The Star Beacon; Ashtabula, Ohio

December 22, 2013

Rangers run to win

Eagles surrender 11-0 spurt to end game

By STEVE GOLDMAN
For the Star Beacon

GENEVA — With his team down by five in the fourth quarter of an important Premier Athletic Conference game on Saturday afternoon, North girls coach Paul Force called a timeout. The Rangers then proceeded to run off the final 11 points of the contest to come away with a 51-45 triumph at Geneva.

Force related that his message during the timeout wasn’t a matter of some kind of amazing stratagem. Often, a reminder is all that is needed.

“It was time to remind the girls not to do too much,” he said. “You have to move the ball. It’s not going to be one girl who wins the game. It’s about trusting your teammates and sharing the ball.”

Geneva (4-4, 4-2) had just taken a 45-40 lead when Force called the timeout with 5:43 remaining. Alyssa Scott (9 points, 4 assists) had just hit her team’s third 3-point field goal of the quarter, the other two having been launched by Emily Ball (10 points, 8 rebounds). Lindsey Mayle (14 points, 2 blocks) had gone down to the floor to rebound her shot that was blocked, and from there found Scott on the right side of the floor for her triple.

However, the final minutes belonged to the Rangers (8-0, 5-0). On their second possession following the timeout, Steph Chlad (10 points, 9 rebounds, 5 assists) found Lynsey Englebrecht (13 points, 4 assists) for a trey. Then after an Eagle miss, Englebrecht assisted on a baseline jumper by Lexi Balausky (10 of her 12 points in the first half) to tie it at 45 with about 3:30 left.

A driving layup by Mayle was nullified by a traveling call, and then Chlad gave North the lead with a floater as she was headed toward the left baseline.

The score stayed at 47-45 until the final minute, when Chlad and Englebrecht each converted a one-and-one. In-between, Geneva missed two free throws.

Prior to Englebrecht’s free throws with 48 seconds to go, the Rangers were able to hold the ball for 1:10 after Stef Crevda (10 boards) rebounded the second of two missed free throws by a teammate.

All told, the Eagles went 0-for-9 from the floor with three turnovers in the final 5:43.

“We had opportunities; we just didn’t knock ’em down,” Geneva coach Nancy Barbo said. “I believe we still got shots. There were layups we missed, there were putbacks we missed, there was a travel on Lindsey that took away the layup.”

The first half contained five alternating streaks of six or more points. After The Rangers led 3-0, the Eagles responded with six straight points. Then North ran off eight, Geneva 11, and then the sides took turns with eight-point streaks. That left the Eagles in the lead, 25-19.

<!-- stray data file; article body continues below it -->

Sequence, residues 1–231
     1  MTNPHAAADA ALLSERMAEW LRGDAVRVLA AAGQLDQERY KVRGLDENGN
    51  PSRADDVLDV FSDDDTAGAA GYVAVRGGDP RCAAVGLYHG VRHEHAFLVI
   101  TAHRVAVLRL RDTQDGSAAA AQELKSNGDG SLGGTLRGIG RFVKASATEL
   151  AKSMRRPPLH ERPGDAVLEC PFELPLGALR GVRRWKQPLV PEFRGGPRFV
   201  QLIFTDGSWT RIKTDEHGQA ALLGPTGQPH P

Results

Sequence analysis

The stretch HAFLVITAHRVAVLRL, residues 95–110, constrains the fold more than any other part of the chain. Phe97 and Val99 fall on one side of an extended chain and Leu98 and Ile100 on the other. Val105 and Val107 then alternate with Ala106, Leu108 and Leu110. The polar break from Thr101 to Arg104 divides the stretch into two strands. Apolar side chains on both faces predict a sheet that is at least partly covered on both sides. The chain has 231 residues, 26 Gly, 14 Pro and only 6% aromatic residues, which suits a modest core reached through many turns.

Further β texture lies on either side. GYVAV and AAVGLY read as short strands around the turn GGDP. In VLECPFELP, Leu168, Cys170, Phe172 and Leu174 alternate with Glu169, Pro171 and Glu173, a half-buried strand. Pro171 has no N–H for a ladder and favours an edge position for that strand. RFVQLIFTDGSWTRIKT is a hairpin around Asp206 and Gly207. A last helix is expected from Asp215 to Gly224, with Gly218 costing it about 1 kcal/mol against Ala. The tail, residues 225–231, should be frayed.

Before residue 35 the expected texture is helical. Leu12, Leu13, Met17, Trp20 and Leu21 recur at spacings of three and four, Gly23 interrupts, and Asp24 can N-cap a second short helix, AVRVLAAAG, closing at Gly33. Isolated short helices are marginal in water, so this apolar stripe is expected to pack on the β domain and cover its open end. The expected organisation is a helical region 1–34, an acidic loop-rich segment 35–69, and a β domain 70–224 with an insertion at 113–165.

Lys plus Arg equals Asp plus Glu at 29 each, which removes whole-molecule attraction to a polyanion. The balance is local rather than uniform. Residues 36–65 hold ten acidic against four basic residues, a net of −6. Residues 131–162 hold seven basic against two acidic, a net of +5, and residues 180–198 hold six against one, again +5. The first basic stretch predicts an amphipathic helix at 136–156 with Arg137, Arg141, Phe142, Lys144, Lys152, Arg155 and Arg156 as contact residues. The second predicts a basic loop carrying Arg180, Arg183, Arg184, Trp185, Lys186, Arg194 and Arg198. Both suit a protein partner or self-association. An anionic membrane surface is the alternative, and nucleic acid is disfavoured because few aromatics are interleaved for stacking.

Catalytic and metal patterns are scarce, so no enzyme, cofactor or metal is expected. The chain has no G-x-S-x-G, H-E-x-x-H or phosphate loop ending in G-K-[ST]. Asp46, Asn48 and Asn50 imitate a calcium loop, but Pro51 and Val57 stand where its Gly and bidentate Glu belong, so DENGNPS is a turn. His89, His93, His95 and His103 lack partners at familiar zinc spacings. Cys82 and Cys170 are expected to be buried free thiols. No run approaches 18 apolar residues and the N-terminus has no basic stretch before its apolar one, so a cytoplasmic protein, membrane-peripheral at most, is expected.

At the half it was 28-24, but the Rangers evened it at 30. The lead then seesawed until 3s by Ball and Scott gave Geneva the 45-40 advantage.

“I’m real proud of the effort in the second half,” Force said. “This is a difficult place to play. They’ve had a lot of success here over the years, and they’re well-coached.

“The way we came out in the second half and got a little momentum — that was exciting to be a part of.”

Force praised Chlad for her defense on Mayle, and pointed out that she is only nine months removed from ACL surgery. The senior was indeed very mobile on both ends of the court.

Though the Rangers hit eight trifectas — one fewer than Geneva — they took many such attempts, and struggled from beyond the arc for much of the contest. Force gave credit to Geneva, but was pleased that his team nailed some big ones at crucial times.

“I do think that our first five have some length to them,” Barbo, who lamented second chances allowed via offensive rebounds, said. “When they use it, it can alter some shots. Maybe that happened a little bit tonight. I would like to think that had something to do with it, but there are also times when teams just have an off night.”

Unlike in Wednesday’s 39-31 defeat at Madison, in which only three girls got on the scoreboard, all five Eagle starters scored at least five points. Geneva used just six players.

“(The 5 starters all scoring) is something we can build on,” Barbo, who hypothesized that her team may have incurred a case of tired legs down the stretch, said. “I’m not going to question our effort tonight whatsoever.”

Statistically, the teams shot almost identically from the floor, with both schools making 16 baskets and Geneva having one more attempt (56-55). The difference was at the foul line, where the Rangers were 11-of-14 as compared to four-of-seven for the Eagles.

“North is a good team,” Barbo said. “They stand alone right now in the conference.”

Goldman is a freelance writer from South Euclid.